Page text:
The mids are the high point of this set of headphones, without a single doubt in my mind. The incredibly fast response of the electrostatic driver allows a tremendous sense of realism to this frequency range. I wouldn't go so far as to call it lush, per se, but it leans to that side, compared to thin, edgy, or anemic. Vocals particularly, of both genders, come through as though the singer is right in the room with you. The delicacy and caution that the speed of these drivers allow means that every single breath, every intake of air between notes is caught and conveyed nigh-perfectly. The same is true of instruments, with the strokes of guitars and mandolins being so realistic that when I close my eyes, I swear I could see Chris Thile plucking away. There is, to my ears, a slight peak in the upper mids that can make the upper-end of the piano's spectrum a little bit sharp, but with some tasteful volume control, I avoided that issue pretty easily. To give a more specific note to the detail that I found in these headphones, I actually noticed what I believe to be a production quirk in the track "Mama's Gun" from Glass Animal's sophomore album, How to Be a Human Being. Right in the beginning, in the right channel, there is a slight crinkling that was reproducible consistently enough for me to be sure that it is not just the headphones diaphragm responding oddly. It's extremely low in volume, but I had never heard it before, and appreciated that these were revealing more of a track to me than I had heard before.
Key descriptors: detailed, articulate, and realistic
Songs used: Down the Road by C2C, Ageispolis by Aphex Twin, and Goodnight Kiss by Ibrahim Maalouf
The treble is another high point of these headphones, and it supports the mids in much the same way that the treble in Venture Electronic's Monk+ earbuds did. It adds a great sense of air and space to all the music that I put through these. It extends very high without much apparent effort, and I didn't notice much peakiness to speak of. I encountered no sibilance whatsoever in my use, thankfully, and didn't come across any other unpleasantness of which to speak here. Overtones are presented with the right emphasis, such that timbres of individual instruments are not bastardized, which similarly helps the realism and naturalness that I referenced earlier. I oftentimes find myself, as a drummer, harping on the presentation of cymbals by many lower-end headphones, as they blur the attack and decay too much to seem truly realistic, but these did a great job there too.
Key descriptors: extended, airy, and detailed
Minutia and Miscellaneous
The leather on the ear-pads does seem like a longevity issue to me. I am aware that I got a used pair, so I do not fault King Sound directly for this, but the leather on my ear-pads was noticeably flaking, which could either be from lack of proper care on the original owner's part, or from overuse over time. Just something to note, though that should be taken with a grain of salt, as I can't account for where the theoretical fault lies. However, they are user replaceable, so at the very least, it is not a permanent issue.
If you can't tell by the content of this review, I very much enjoyed my time with these headphones. They are a true embodiment of the incredibly nebulous moniker "high fidelity" and I feel that they represent a great entry point into the world of electrostatic earspeakers. They are not alienating in the slightest, retaining a good share of mid-bass while adding the tremendous transient response, dynamic sensitivity, and all the other buzz-phrases that surround electrostats. These definitely fall on the list of the most musically pleasing headphones I've heard, as they are satisfying both in a casual listen, and in a deeply analytical listening session. Highly recommended if you have the cash and the equipment necessary to do these headphones justice.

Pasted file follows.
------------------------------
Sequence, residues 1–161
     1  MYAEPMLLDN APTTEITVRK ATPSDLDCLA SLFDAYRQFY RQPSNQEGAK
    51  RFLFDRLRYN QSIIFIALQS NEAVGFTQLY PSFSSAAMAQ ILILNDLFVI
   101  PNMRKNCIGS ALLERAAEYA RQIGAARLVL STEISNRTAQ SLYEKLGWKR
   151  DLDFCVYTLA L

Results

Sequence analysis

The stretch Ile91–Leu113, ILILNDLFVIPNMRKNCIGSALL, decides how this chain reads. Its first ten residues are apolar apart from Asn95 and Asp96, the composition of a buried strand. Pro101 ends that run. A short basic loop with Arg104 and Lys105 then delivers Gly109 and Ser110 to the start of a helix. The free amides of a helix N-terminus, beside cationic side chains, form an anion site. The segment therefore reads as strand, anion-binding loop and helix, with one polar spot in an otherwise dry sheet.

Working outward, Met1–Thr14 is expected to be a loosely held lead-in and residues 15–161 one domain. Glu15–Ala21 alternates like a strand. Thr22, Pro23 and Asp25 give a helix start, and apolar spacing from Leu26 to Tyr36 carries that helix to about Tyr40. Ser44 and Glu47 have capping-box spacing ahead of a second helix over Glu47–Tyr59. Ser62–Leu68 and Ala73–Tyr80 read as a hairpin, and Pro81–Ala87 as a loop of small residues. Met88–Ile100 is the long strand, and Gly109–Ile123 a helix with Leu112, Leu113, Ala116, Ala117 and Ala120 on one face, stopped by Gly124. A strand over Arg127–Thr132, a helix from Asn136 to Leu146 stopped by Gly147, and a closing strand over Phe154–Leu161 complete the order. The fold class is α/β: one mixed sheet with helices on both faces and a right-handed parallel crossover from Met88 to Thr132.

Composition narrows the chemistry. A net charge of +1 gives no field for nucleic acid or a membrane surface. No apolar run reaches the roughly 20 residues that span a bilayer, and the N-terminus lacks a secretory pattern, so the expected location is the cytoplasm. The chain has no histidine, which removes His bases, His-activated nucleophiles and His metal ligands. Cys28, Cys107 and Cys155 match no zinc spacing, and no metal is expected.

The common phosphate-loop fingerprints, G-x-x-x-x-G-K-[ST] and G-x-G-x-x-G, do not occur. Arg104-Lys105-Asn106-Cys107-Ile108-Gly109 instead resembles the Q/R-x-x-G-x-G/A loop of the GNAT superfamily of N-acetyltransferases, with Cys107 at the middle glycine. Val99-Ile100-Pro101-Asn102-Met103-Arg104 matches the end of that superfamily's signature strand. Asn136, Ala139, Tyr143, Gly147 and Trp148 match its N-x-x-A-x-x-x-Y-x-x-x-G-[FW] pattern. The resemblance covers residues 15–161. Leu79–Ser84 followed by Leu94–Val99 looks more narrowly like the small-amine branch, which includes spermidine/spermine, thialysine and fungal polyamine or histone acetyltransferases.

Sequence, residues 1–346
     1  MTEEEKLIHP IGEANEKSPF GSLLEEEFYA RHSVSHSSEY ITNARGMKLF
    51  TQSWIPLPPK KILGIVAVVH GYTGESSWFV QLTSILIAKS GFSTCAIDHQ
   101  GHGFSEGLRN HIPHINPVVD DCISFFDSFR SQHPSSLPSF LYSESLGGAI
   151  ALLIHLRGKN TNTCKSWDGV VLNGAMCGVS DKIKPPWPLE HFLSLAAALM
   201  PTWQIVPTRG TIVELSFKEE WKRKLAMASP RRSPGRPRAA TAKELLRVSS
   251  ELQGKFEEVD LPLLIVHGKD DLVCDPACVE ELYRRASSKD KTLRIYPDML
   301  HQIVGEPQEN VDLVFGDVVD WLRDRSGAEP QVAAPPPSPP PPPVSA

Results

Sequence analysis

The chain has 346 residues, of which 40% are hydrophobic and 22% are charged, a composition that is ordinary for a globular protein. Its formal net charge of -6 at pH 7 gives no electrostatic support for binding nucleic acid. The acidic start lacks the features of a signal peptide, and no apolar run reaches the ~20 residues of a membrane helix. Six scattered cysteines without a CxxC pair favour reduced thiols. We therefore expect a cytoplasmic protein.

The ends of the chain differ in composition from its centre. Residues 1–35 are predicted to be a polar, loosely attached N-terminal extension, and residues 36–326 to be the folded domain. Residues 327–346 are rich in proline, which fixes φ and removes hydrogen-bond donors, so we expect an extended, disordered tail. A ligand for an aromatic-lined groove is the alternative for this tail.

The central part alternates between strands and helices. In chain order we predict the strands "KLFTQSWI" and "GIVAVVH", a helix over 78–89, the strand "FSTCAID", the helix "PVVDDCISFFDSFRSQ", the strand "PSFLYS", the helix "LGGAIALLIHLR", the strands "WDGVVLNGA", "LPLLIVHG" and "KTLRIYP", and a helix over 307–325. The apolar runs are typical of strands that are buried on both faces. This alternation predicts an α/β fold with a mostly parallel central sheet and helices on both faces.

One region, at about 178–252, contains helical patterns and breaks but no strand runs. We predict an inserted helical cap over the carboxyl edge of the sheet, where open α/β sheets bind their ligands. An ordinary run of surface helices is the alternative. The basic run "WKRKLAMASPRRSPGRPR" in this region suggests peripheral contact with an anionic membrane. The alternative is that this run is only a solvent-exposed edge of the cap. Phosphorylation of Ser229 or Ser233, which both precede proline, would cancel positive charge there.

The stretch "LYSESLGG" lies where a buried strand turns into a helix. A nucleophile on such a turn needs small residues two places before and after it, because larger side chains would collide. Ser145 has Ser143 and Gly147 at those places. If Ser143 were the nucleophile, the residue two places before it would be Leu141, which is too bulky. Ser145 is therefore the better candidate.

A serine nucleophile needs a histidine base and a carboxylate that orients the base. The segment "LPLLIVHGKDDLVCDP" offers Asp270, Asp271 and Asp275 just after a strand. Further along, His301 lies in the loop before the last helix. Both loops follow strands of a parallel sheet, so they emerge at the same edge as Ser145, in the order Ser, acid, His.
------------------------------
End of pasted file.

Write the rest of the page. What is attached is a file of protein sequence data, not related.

These headphones were provided to me for review by iFi Audio. I am not being paid by anyone to write this review, to endorse the product reviewed, or for the content that I put in the review.
These headphones were powered by an iFi Pro iESL, which was fed signal from an iFi Pro iCan, which was fed signal by USB from my computer.
I have had these headphones for about three weeks, and I have put about 50 hours of analytical listening through them during that period.
I had a lot of trouble writing this review, but not for the usual reasons. I wasn't ambivalent, nor did I find myself struggling for words to describe my experience. It was that I knew that as soon as this posts, I'll have to put these back in the box they came in, and ship them back off to Fostex.Read More
I've had Audio Technica's latest offering in their M-X line for the past month, or so. After much analytical listening, I've come to the conclusion that these serve as a wonderful replacement for the M50X, straying much closer to true neutral, as their monitor designation should imply.Read More
Cascadia Audio sent me their Fostex T50RP Mk III modification: the Talos. As comfortable as pillows sitting around your ears, I think the sound matches their comfort, or close.Read More
Sennheiser sent me their HD700 for review. After controversy upon release, I think that these headphones have aged well, given time.Read More
The Sennheiser HD 598 is one of Sennheiser’s low-/mid-range open back headphones. They’ve been on the market for a long time and have been extensively reviewed. Sennheiser offered to send me one, and it seemed senseless to turn it down.Read More
I was loaned my friend’s pair of Bose QC 25s for a few days. Below are my impressions of them; I only got a little less than a week with them, so my opinion is not as refined as I’d like it to be, but I think is substantive enough to warrant a review.Read More
Although these headphones are older than most, the Bose QC15 are a pretty good deal for portable use at around $150, although their value was arguable at their original price of around $300. They offer a fun, pleasant sound signature without sacrificing too much in the way of sound quality.Read More